Washington was on the power play when Thoresen was injured. Officials did not stop play, in effect giving the Capitals a two-man advantage during which they scored the tying goal.

"I know in the past there have been players that have laid there and rolled around trying to get a stoppage in play when they've just been hit on the shin," Holmgren said. "It's a tough call. I didn't have a problem with it last night and, thinking about it, I still don't have a problem. The ref has to make a judgment call in a split second, and they made the call they made. Obviously it cost us a goal. I don't believe that's the reason we lost the game."

Copyright 2008 by The Associated Press

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Gumbel leaves NFL Network gig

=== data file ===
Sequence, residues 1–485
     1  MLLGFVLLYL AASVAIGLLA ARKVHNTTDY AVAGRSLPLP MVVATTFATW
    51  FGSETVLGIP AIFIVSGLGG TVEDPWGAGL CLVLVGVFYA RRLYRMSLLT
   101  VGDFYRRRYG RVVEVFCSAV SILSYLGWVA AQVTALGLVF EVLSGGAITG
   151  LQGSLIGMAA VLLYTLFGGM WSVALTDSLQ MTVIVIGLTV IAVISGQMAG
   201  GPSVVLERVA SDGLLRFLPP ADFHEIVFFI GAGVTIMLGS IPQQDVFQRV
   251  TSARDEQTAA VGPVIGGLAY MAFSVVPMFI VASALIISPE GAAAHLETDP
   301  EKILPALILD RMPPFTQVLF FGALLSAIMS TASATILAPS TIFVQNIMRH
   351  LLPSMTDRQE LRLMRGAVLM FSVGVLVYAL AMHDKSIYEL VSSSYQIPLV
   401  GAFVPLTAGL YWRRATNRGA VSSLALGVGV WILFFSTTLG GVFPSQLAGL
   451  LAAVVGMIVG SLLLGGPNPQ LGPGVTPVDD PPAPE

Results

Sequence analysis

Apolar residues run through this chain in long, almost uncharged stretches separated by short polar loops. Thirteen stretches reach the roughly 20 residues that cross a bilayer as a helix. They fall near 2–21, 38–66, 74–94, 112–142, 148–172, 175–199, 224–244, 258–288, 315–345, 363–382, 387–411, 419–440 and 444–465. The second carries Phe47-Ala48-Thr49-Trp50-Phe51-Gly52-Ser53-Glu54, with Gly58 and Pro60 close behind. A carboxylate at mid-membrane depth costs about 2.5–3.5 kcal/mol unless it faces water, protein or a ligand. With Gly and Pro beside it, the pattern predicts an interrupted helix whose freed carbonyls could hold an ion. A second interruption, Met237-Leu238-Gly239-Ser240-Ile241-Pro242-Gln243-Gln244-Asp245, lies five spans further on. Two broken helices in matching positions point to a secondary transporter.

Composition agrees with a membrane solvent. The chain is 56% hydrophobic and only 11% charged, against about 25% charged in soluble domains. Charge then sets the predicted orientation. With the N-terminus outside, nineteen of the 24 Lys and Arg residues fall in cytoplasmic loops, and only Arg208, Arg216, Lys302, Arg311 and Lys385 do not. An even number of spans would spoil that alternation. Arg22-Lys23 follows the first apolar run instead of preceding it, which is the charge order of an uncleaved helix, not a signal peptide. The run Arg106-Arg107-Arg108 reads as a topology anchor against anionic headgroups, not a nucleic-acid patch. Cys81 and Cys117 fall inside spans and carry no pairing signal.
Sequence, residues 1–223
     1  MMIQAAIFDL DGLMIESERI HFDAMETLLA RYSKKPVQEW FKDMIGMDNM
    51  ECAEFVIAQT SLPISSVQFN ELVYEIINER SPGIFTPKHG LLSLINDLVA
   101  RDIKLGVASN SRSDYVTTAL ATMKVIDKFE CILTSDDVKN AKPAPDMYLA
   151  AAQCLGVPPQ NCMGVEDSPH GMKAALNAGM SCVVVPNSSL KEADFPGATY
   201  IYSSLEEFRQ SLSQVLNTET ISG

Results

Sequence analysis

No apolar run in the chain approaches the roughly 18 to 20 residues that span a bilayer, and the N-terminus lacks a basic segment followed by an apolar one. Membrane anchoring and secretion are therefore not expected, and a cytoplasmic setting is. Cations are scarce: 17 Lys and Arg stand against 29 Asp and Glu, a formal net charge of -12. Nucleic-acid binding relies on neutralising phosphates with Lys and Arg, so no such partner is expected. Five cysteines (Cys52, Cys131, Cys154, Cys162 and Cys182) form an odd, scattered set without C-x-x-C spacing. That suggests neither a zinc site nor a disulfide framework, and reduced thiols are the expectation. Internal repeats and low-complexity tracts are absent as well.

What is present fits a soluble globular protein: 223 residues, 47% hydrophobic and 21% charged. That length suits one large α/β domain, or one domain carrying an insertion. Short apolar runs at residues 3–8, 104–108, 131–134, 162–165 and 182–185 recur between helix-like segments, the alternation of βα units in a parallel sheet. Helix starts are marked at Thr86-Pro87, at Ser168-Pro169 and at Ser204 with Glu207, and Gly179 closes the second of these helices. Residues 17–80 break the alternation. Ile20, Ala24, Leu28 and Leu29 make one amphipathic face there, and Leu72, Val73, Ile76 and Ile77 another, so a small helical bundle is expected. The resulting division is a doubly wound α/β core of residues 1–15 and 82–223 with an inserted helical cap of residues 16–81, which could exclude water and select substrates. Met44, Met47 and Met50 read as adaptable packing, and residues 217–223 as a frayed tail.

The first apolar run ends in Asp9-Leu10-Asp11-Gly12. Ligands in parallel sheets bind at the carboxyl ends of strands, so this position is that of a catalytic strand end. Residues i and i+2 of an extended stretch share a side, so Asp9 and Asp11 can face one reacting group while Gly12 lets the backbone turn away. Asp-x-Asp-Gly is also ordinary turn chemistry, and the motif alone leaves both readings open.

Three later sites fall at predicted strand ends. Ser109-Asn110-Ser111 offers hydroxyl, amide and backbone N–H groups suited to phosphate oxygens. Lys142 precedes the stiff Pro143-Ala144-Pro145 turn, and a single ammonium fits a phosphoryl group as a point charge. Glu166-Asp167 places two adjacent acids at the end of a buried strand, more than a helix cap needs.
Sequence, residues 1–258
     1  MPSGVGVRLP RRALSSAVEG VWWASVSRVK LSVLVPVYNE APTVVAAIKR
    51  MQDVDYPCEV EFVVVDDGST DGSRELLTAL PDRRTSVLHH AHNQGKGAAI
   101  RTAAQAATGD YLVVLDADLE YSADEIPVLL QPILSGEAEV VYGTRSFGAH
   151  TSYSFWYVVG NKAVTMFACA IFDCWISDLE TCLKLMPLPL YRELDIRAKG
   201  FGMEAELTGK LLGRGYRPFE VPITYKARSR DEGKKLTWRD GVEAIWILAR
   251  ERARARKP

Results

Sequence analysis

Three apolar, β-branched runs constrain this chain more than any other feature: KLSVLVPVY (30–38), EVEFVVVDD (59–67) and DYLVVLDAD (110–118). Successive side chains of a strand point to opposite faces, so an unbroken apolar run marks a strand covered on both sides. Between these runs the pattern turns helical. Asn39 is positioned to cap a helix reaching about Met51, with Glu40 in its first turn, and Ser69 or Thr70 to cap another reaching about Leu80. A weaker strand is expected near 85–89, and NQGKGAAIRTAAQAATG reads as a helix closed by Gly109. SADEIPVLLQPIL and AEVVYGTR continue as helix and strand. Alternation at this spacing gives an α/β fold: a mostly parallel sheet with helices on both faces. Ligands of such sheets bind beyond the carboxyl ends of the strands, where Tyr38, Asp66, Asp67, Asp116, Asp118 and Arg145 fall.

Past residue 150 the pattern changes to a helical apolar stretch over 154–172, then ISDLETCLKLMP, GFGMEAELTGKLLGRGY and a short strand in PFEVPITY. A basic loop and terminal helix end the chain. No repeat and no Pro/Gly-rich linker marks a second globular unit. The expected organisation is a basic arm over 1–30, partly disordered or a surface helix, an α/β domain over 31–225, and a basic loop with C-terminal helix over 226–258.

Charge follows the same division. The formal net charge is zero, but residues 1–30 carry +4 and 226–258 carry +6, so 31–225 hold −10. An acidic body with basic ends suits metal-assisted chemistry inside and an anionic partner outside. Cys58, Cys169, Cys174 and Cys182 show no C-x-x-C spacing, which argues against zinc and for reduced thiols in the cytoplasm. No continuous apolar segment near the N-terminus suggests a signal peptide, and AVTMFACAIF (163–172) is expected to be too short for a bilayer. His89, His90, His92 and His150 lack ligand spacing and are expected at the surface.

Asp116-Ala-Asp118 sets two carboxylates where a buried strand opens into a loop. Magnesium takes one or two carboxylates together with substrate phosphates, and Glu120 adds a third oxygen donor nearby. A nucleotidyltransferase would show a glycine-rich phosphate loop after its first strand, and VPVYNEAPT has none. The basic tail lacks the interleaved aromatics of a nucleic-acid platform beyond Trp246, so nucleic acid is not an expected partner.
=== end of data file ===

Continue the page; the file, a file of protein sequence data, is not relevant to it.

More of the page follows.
Bryant Gumbel
Gumbel

After two years of getting roasted by sports-media critics, Bryant Gumbel has ankled his job as play-by-play man for the eight live National Football League primetime games carried each season by the NFL Network.

The network hired Gumbel when it secured rights to the eight-game package in 2006, even though Gumbel had no experience doing NFL play by play. His sports expertise comes from his 13 years as host of HBO’s monthly hourlong series “Real Sports With Bryant Gumbel” and his early career at NBC Sports.

Referring to the two years doing the games as “a new experience for me,” Gumbel said in a statement that he and the network have “agreed that we’d all be better served going in different directions.”